Sensors that track the movement of athletes and the basketball were recently used at a high school championship tournament for the first time.
Metamaterials, which could improve smartphones and change how we use other technology, allow scientists to control light waves in new ways.
Smartphone cameras have improved dramatically since the first camera-equipped cell phone was introduced in 1999, but they are still subject to tiny errors in the alignment of different wavelengths of light in the final image. That’s not a concern for your average Instagram selfie, but it’s far from ideal when it comes to scientific image analysis, for example.
Nature seems to have provided a solution in the eyes of the mantis shrimp, which inspired researchers at North Carolina State University (NCSU) to develop a new type of optical sensor. The sensor is small enough for smartphone applications, but it’s also capable of breaking down visible light wavelengths into narrower bands than current smartphone cameras can manage, as well as capturing polarized light, according to a recent paper published in the journal Science Advances.
Human eyes have three photoreceptors for detecting red, green, and blue light. Dogs have just two photoreceptors (green and blue), while birds have four, including one for detecting uaviolet (UV) light. Octopuses, meanwhile, can detect polarized light. But mantis shrimp (aka stomatopods) have the most complex eyes of all: they can have between 12 and 16 individual photoreceptors and can thus detect visible, UV, and polarized light.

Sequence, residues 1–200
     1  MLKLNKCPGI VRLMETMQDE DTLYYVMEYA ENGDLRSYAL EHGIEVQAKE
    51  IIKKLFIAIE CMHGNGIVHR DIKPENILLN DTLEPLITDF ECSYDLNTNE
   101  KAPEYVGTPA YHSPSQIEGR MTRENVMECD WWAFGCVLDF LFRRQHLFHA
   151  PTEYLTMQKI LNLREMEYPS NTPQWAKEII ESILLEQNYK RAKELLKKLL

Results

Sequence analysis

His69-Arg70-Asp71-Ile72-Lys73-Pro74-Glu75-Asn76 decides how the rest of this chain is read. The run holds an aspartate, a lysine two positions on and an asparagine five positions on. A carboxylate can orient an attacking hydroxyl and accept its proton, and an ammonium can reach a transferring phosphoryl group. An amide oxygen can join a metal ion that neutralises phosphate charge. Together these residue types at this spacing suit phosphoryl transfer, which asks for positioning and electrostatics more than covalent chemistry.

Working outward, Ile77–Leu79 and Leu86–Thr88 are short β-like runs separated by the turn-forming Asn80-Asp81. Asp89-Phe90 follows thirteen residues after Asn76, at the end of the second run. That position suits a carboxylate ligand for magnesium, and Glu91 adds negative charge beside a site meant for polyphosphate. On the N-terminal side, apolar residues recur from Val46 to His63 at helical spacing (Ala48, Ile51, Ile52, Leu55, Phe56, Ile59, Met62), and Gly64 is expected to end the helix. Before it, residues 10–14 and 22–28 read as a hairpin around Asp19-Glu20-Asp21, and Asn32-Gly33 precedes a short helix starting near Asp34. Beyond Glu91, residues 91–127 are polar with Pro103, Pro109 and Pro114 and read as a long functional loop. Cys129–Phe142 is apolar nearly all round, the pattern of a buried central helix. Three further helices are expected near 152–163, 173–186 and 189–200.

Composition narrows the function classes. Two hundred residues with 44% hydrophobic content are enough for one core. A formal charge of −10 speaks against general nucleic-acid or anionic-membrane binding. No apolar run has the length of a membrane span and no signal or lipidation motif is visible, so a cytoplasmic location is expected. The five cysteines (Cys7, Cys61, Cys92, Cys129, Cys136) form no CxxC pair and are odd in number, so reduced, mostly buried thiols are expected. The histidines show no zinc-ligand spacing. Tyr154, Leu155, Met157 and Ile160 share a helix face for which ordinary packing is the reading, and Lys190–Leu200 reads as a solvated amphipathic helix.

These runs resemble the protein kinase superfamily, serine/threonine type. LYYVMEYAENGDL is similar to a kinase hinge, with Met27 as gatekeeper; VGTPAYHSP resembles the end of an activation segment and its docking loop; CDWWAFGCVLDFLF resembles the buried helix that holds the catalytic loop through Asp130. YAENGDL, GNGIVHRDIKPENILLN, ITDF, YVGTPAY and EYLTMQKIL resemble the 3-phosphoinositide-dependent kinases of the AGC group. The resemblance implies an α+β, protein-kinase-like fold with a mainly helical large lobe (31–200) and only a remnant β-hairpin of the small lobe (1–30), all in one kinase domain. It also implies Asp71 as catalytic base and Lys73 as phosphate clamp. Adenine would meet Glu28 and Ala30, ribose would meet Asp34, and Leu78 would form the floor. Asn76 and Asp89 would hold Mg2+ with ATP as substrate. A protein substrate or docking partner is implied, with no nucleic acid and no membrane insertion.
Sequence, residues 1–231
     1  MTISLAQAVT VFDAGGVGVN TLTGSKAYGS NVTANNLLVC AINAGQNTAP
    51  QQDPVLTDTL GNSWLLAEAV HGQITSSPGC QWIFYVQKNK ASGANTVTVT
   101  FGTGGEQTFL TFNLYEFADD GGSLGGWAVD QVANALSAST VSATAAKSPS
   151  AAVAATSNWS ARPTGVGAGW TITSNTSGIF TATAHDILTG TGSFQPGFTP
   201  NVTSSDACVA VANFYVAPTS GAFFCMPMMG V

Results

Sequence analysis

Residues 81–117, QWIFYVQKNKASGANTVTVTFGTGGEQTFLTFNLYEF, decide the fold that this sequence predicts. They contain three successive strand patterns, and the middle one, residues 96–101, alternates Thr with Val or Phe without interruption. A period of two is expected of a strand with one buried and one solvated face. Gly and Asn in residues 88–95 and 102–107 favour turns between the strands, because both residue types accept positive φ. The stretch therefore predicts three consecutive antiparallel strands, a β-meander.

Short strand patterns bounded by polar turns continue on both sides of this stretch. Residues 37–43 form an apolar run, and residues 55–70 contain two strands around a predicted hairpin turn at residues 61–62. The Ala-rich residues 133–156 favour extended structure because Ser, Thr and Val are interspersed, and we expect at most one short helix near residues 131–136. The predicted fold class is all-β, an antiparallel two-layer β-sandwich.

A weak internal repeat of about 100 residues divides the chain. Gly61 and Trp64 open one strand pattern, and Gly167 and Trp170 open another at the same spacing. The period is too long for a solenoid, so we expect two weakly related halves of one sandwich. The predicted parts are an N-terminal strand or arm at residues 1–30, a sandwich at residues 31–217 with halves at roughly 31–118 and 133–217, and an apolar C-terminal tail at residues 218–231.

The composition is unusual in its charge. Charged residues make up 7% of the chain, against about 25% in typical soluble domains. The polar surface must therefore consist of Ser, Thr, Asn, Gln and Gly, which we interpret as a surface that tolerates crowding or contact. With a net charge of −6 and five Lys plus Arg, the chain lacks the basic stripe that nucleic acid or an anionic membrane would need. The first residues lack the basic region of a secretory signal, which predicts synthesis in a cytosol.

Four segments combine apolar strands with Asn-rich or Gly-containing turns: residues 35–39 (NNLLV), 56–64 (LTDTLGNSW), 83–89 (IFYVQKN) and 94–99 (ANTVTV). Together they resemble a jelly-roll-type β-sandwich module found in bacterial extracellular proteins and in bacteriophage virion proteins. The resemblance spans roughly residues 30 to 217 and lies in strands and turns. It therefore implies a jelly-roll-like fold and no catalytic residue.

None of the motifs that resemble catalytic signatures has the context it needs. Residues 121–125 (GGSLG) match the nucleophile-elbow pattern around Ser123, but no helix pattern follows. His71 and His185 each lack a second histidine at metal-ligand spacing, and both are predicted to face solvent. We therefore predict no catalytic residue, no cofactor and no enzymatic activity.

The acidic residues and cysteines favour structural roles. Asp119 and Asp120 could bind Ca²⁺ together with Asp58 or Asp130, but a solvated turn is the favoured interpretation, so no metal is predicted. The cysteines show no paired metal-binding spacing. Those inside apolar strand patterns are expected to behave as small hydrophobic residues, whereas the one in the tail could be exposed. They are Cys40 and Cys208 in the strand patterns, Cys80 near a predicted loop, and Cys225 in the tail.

Israeli sensors on the Persian Gulf, across the water from Iran, are part of an epic battle in the Middle East. Just not the one we’re used to.
As impressive as the cameras in our smartphones are, they’re fundamentally limited by the physical necessities of lenses and sensors. Metalenz skips over that part with a camera made of a single “metasurface” that could save precious space and battery life in phones and other devices… and they’re about to ship it.
The concept is similar to, but not descended from, the “metamaterials” that gave rise to flat beam-forming radar and lidar of Lumotive and Echodyne. The idea is to take a complex 3D structure and accomplish what it does using a precisely engineered “2D” surface — not actually two-dimensional, of course, but usually a plane with features measured in microns.
In the case of a camera, the main components are of course a lens (these days it’s usually several stacked), which corrals the light, and an image sensor, which senses and measures that light. The problem faced by cameras now, particularly in smartphones, is that the lenses can’t be made much smaller without seriously affecting the clarity of the image. Likewise sensors are nearly at the limit of how much light they can work with. Consequently most of the photography advancements of the last few years have been done on the computational side.